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Humanitarian work psychology: The contributions of organizational psychology to poverty reduction

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Author Info

  • Berry, Mary O'Neill
  • Reichman, Walter
  • Klobas, Jane
  • MacLachlan, Malcolm
  • Hui, Harry C.
  • Carr, Stuart C.

Abstract

Achieving the MDG goal of reducing world poverty by 50% by 2015 requires the cooperative effort of many disciplines. To date the discipline of organizational psychology has not played as significant a role as it might in this endeavor. With the recent establishment of the Global Task Force for Humanitarian Work Psychology, this discipline signaled its commitment to the global effort. Organizational psychology offers to bring its expertise to poverty reduction: its ability to assess needs and capacity, develop partnerships with stakeholders, bring about and manage change, and systematically review, evaluate, monitor and revise high level mandates, policy development, program implementation and consultation on personnel issues. Its successes as practitioners-scientists in private enterprise will enhance its credibility for success in the public sphere. The article reviews the research and practice of some of the organizational psychologists presently engaged in poverty reduction and how humanitarian work psychology might enhance the efforts of anti-poverty organizations.

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Bibliographic Info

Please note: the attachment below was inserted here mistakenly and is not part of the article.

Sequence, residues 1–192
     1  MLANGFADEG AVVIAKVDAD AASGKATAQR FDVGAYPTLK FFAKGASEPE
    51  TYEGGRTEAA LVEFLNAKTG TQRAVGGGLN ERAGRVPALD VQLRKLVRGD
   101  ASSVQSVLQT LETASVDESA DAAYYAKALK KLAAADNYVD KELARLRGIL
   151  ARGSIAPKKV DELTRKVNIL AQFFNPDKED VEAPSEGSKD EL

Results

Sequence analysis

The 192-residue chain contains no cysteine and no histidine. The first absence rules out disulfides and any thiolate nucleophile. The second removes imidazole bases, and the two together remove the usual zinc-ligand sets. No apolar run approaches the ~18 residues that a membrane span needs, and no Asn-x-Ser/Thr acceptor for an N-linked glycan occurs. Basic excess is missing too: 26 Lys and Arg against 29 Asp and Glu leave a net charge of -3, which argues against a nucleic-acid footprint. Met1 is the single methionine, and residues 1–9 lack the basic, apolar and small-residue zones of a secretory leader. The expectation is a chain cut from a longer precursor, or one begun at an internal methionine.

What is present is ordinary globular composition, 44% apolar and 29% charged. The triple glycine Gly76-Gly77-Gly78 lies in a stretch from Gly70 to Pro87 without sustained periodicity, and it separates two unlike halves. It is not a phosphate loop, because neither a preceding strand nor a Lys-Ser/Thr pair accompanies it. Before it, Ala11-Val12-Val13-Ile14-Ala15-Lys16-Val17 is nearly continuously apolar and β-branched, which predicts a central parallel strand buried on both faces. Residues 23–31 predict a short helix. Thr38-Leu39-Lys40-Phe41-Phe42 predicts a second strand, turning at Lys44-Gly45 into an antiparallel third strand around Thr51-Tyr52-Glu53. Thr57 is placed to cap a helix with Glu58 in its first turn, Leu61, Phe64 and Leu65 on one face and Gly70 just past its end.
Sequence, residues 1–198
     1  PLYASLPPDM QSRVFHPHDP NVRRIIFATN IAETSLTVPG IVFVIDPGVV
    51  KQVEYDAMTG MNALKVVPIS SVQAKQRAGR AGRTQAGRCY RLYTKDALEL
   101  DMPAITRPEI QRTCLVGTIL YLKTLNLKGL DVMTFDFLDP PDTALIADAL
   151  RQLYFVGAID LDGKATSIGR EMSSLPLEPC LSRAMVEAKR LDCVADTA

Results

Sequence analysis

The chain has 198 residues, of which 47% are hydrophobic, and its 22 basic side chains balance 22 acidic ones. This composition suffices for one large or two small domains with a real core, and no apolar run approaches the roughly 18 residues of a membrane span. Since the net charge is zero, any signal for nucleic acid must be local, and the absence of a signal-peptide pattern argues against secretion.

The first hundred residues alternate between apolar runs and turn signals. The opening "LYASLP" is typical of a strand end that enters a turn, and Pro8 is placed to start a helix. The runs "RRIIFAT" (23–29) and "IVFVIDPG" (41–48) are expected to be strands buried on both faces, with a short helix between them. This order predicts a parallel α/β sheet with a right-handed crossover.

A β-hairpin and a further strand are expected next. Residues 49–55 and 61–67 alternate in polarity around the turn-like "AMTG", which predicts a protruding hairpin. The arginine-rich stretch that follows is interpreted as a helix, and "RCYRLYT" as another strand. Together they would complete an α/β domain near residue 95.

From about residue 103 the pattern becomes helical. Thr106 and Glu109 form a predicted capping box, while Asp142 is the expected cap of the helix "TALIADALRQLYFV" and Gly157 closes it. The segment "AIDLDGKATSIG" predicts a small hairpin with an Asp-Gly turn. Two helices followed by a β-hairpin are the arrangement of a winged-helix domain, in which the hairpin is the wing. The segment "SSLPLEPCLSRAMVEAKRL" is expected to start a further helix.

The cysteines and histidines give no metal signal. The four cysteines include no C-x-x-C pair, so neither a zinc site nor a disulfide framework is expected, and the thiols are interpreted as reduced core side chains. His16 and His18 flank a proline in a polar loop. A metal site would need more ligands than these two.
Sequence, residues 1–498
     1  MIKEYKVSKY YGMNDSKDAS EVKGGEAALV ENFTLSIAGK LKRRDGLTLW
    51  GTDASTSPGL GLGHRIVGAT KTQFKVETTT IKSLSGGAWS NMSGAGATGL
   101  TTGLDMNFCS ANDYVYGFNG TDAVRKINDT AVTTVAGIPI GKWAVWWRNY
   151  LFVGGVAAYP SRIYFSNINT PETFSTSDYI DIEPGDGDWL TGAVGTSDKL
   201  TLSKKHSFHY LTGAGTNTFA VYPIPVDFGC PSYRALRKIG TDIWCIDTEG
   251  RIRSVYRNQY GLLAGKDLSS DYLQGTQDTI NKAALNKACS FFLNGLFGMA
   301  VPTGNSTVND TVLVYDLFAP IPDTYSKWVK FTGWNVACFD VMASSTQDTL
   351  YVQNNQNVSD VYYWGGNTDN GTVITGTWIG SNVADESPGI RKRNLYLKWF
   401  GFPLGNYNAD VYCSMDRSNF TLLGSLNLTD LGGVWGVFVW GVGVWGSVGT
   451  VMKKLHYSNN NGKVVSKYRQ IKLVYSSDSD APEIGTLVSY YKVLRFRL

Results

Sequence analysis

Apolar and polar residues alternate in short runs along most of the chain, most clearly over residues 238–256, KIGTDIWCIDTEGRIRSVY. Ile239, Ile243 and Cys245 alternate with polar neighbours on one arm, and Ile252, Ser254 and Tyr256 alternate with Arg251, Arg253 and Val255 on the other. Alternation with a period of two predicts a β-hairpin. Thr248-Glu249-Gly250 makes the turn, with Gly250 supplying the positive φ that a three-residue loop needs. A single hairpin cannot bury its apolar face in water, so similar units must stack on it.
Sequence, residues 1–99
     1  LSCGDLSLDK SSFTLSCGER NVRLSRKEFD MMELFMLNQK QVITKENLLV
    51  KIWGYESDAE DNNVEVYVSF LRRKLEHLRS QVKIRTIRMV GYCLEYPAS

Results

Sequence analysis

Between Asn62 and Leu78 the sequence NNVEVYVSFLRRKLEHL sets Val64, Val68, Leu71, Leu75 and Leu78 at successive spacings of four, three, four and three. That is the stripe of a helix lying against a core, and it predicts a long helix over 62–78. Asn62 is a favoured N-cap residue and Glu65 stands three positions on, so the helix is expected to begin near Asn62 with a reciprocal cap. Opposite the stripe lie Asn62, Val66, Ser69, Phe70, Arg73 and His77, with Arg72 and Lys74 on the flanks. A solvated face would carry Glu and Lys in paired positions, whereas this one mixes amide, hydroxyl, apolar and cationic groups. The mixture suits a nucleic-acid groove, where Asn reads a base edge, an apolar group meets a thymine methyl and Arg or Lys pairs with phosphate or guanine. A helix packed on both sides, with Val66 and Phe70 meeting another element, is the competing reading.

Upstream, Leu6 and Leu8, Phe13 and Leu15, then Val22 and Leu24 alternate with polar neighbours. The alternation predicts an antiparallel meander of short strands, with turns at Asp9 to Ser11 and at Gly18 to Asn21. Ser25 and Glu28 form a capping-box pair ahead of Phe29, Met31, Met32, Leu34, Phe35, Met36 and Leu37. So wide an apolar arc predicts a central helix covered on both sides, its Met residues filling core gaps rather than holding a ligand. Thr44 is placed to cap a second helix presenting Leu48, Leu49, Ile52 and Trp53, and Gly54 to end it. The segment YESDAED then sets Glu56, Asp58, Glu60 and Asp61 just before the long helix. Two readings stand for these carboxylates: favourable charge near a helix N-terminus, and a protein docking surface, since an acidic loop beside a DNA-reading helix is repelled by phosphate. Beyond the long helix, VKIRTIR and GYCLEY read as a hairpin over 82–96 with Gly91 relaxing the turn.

Article provided by Elsevier in its journal Journal of Economic Psychology.

Volume (Year): 32 (2011)
Issue (Month): 2 (March)
Pages: 240-247

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Handle: RePEc:eee:joepsy:v:32:y:2011:i:2:p:240-247

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Web page: http://www.elsevier.com/locate/joep

Related research

Keywords: Industrial/organizational psychology Poverty reduction Culture;

References

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  1. Malcom MacLachlan & Stuart C. Carr, 2005. "The Human Dynamics of Aid," OECD Development Centre Policy Insights 10, OECD Publishing.
  2. Gabriella Conti & Stephen Pudney, 2008. "If you're happy and you know it, clap your hands! Survey design and the analysis of satisfaction," Working Papers 016, "Carlo F. Dondena" Centre for Research on Social Dynamics (DONDENA), Università Commerciale Luigi Bocconi.
  3. Schulz-Hardt, Stefan & Jochims, Marc & Frey, Dieter, 2002. "Productive conflict in group decision making: genuine and contrived dissent as strategies to counteract biased information seeking," Organizational Behavior and Human Decision Processes, Elsevier, vol. 88(2), pages 563-586, July.
  4. Chinander, Karen R. & Schweitzer, Maurice E., 2003. "The input bias: The misuse of input information in judgments of outcomes," Organizational Behavior and Human Decision Processes, Elsevier, vol. 91(2), pages 243-253, July.
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